7 everyday things you do that are actually damaging your skin
Who doesn’t love the soapy clean feeling of suds on your face? This could be the cause of dryness and sensitivity. “Most foaming cleansers tend to contain high proportions of sodium-laureth sulfate (SLS) which strips skin of its natural oils and its protective barrier,” said dermatologist Dr Teo Wanlin. She only recommends gentle skin cleansers for all skin types, “this is because even oily, acne-prone skin should be moisturised and protected during cleansing.” She prescribes a medical grade honey cleanser from her in-house line Dr TWL Miel Honey Cleanser, which has humectant benefits for the skin, essentially leaving a layer of moisture on the skin after cleansing.
This is pretty common sense. Through the night, sleeping with your face pressed on your pillow can cause the skin to develop fine lines, wrinkles and creases. Plus, if you lie in a position that drags your face downwards, it can also worsen skin sagging.
The best way to keep these sleep wrinkles and sagging at bay is to try to sleep on your back more.
Blotters save the greasiest of skin by immediately sopping up sebum and leaving skin matte. “But refrain from blotting the oil off your face constantly,” said Dr Teo, as blotting doesn’t clean the skin or have other benefits apart from removing the oil. “Sometimes this can cause a condition called reactive seborrhea, whereby the skin compensates by producing even more oil making you even oilier,” she cautioned. If you are feeling particularly grimey, swipe your face gently using a fragrance-free baby wipe. This will leave skin cleaner while gently lifting off some oil.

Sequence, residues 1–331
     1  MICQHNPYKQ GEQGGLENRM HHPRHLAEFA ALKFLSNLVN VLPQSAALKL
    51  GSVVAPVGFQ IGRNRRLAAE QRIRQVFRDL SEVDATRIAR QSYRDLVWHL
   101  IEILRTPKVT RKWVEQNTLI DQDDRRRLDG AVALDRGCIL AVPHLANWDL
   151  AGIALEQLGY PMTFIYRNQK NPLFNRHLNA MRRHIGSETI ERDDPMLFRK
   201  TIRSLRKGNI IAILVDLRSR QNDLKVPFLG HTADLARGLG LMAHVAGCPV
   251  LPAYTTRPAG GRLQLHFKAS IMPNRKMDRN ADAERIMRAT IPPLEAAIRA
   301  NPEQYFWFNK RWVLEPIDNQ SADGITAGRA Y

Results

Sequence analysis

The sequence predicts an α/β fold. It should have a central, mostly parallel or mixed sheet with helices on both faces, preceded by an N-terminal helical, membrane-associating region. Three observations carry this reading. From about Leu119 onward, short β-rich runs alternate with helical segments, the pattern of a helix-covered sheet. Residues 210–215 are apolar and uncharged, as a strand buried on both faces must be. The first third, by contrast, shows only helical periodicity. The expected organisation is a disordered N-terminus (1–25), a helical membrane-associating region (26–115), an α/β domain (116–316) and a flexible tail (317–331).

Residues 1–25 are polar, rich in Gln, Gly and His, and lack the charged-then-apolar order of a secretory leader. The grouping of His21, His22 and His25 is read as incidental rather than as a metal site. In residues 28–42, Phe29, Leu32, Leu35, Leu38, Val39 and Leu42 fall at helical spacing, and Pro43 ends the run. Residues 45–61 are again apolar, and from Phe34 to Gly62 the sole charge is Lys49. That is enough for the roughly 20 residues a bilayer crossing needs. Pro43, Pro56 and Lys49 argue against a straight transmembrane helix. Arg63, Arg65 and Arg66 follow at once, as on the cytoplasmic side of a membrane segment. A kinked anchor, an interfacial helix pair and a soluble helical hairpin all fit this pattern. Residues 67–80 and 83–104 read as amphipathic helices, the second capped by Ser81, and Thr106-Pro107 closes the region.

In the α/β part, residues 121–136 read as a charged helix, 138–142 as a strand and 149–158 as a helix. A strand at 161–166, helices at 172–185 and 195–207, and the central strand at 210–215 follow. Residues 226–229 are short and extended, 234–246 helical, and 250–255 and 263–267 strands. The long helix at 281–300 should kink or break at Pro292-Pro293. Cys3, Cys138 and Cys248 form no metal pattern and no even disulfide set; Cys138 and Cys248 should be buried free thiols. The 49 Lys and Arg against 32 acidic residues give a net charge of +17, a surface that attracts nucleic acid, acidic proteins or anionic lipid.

A hot shower at the end of a long day offers instant relaxation and helps us to de-stress. But hot water isn’t good for your skin as it washes away skin’s protective oils and can lead to dry, itchy skin or even rashes. One way to tell if your shower water is too hot? You skin looks red and flushed after you step out. “I would recommend using lukewarm or cool water on skin in general, as hot water dehydrates skin further,” said Dr Teo.
Thermal water face sprays (like Evian and Avene) are good for cooling down the skin’s temperature, especially in the heat and humidity of Singapore, according to Dr Teo. However, these are essentially just water and while the minerals from thermal springs may have some benefit to calm skin, they are not moisturisers nor do they treat any skin inflammation effectively. So don’t rely on water face mists to keep skin moisturised long term.
“A more effective mist would be something that contains glycerin as a humectant to help skin retain moisture”, advised Dr Teo. For example, she formulated the Dr TWL Mineral Booster, with purified deep sea water and antioxidants as a face mist to cool skin and moisturise at the same time. A perfect on-the-go skin hydrator as it can be used over makeup because, not to forget, despite Singapore’s humidity, most of us stay in an air-conditioned environment, which can dry out the skin
With the proliferation of touch-screen smart phones, whatever we touch gets on our phone screens – dirt, germs, remnants of food, etc – and these subsequently end up on our faces when we press the phones on our face to answer a call. So next time you’re wondering why there are breakouts on your cheeks and along your jawline, ask yourself when was the last time you cleaned your phone? Clean it daily with an antibacterial wipe.
Chlorine can cling to the skin long after you emerge from the pool. The chemical is added to pools because of its antibacterial properties, but it can also be pretty harsh on the skin, causing harm to the protein structure and destroying the natural skin barrier leading to dry, itchy skin. To prevent skin from absorbing chlorine, apply a thin layer of natural oil like coconut to give skin a protective coat before entering the pool. After swimming, rinse with tap water and shampoo and soap up well.